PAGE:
“Shhhhhhh, there’s a bear, it’s a grizzly,” I whispered to Nicole as we looked towards the bank one evening on the upper Stikine. The cinnamon colour bruin slinked its massive body behind some bushes and popped its head out to look at us. In a low voice, I suggested we get closer, to which Nicole, with a tone of due respect, responded, “Um, not too close, Jim.” The grizzly heard my paddle make a noise as it struck a rock, and with that, the timid creature let out a snort, whirled around and bounded into the woods. Less than ten minutes later, we saw a Bull Moose swimming across the river. We were able to get quite close, closer than we wanted to get actually, within thirty feet; we were close enough to see the power and definition of its muscle tone. The moose inquisitively followed us down river for a little while after we passed.

Bull moose follows us on the Upper Stikine

The striking diversity of animal species that call the region home rivals the diversity of climactic changes we encountered. We saw caribou, moose, mountain goats, stones sheep, a grizzly bear, numerous bald eagles, eight black bears, wolf prints, and seals which we saw several times on the lower river.  Also, we were fortunate enough to see a breeching grey whale on the Pacific.  Many variations of beautiful and delicious rainbow trout are abundant in the river, as were the even better tasting arctic grayling. Looking at the striking iridescent shimmer of the grayling is what I figure a small acid flashback would be like, as colours seem to glisten out of nowhere.  While the trout and grayling added sustenance to our diet, my favourite was the fresh salmon we caught, straight out of a glacial stream in Alaska and savoured riverside.

The author cuts fresh salmon steaks on the Lower Stikine.
Sheer cliff in the the coast mountains that surround the lower river.

Good Medicine

On our second last day on the river, one of my favourite moments of the trip came to fruition. While observing two huge salmon-filled black bears on one side of a slough, we also watched a nesting pair of bald eagles perched in a dead tree on the opposite bank; they would take off and fly in circles from time to time, always returning back to the tree.

While we watched the eagles and bears, three curious seals were fishing around our boats and would sometimes pop up surprisingly close to our canoe. Brad and Arie saw a rustle in the bushes below the eagle tree. They pulled up to the bank and were somewhat alarmed to realize they were now in close quarters with a black bear that was eating berries off branches. It was sitting like a human would while bending each branch down with its paw, eating the berries one by one. I would definitely not recommend getting as close to a bear as Brad and Arie did here. The bear, focused on his berries, paused and stared down at them for a few seconds, as they sat there motionless in their canoe.  But the bear seemed to literally shrug them off and turned its attention back to its meal, figuring they weren’t a threat. Here we were, watching bears, eagles, and seals all at the same time in a beautiful mountain setting.  Nicole and I paddled toward Brad and Arie, and as we neared, a white tail feather from one of the bald eagles fell, in the way that feathers do, fluttering down before laying softly in the water near our canoe. “Good medicine,” I said, plucking the feather out of the river and sticking it in my hat. Then we pointed our bows down river and headed for the coast.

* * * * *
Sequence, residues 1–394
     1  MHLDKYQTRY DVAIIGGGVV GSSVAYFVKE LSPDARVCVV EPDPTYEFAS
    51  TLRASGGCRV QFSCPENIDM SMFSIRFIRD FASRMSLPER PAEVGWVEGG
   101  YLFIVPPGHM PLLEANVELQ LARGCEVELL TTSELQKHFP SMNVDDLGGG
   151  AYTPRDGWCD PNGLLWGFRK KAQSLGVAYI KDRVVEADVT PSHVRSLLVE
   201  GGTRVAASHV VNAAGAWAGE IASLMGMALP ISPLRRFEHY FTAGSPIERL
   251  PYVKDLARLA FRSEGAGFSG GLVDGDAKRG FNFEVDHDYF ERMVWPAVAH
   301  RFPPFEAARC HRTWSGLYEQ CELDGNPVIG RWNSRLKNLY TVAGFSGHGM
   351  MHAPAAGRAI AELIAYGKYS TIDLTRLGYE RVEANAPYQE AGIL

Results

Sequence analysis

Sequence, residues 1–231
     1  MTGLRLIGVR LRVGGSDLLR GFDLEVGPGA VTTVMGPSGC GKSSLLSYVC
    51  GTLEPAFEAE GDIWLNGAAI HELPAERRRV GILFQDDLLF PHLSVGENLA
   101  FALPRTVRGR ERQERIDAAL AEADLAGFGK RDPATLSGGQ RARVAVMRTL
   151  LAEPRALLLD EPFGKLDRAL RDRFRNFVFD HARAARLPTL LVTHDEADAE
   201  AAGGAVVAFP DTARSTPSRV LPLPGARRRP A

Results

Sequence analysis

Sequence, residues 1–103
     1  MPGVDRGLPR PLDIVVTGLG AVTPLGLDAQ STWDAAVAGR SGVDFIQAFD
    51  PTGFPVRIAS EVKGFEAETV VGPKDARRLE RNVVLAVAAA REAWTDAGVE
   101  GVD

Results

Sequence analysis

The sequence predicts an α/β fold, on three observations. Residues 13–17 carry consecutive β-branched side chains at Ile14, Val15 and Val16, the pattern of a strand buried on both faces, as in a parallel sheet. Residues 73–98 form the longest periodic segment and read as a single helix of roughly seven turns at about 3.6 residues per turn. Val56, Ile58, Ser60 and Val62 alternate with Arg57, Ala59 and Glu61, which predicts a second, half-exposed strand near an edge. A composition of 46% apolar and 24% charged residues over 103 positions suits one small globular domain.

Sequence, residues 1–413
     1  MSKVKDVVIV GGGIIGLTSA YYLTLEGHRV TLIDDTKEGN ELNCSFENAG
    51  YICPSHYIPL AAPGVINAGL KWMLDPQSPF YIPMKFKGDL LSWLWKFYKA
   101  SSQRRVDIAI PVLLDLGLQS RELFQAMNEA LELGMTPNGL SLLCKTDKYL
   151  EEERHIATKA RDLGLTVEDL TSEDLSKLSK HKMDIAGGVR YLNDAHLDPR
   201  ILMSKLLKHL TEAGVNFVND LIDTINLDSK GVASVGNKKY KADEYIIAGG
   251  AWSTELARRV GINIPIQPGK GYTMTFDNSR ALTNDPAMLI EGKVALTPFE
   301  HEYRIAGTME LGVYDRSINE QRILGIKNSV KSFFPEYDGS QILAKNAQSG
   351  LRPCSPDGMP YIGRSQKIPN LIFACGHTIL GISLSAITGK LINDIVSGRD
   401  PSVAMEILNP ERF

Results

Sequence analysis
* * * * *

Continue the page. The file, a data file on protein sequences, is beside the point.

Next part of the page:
Fallen trees leave room for new growth, an important process in the life cycles of mature forests.

The Relentless Force 

We timed our paddle out of the mouth with the corresponding tides, and our canoes touched salt water as we began the open water crossing to Wrangell Island. Our trip was coming to an end, but our experience would still continue. From Wrangell we would sail up the coast for thirty hours, stopping in communities like Sitka, Juno, Nome, and finally, Skagway, where we would then drive back to Whitehorse, Yukon to catch our flight home. As our ferry departed from Wrangell, and we began sailing northwards up the Alaskan Panhandle, I looked back toward the mouth of the Stikine and pondered what I had learned.  One thing we can learn from all rivers is in the direction they take, the path of least resistance. They follow this path with so much determination that there is nothing anyone can do to stop them from reaching the sea. Sure, we can slow them down by diverting them into canals or building dams, but sooner or later water will reach the ocean, even if it has to flood an entire continent first. Paddlers know this power and respect it more than anyone. We witness it in the sheer tonnage of water that pins a canoe to a boulder, or while guiding our boats down a raging rapid. The river will let us use its power to our advantage, if we learn how to. We learn never to fight against its unstoppable force but to work with it. The power of water cannot be discouraged–it is constant, relentless, and true to its course. Like the Stikine I learned to travel my own determined path of least resistance when it comes to my aspirations, both paddling and other.

Petroglyph Beach, Wrangle Island, Alaska Photos by Jim Baird

Learn about the ongoing fight to save the Stikine River here http://www.forestethics.org/sacred-headwaters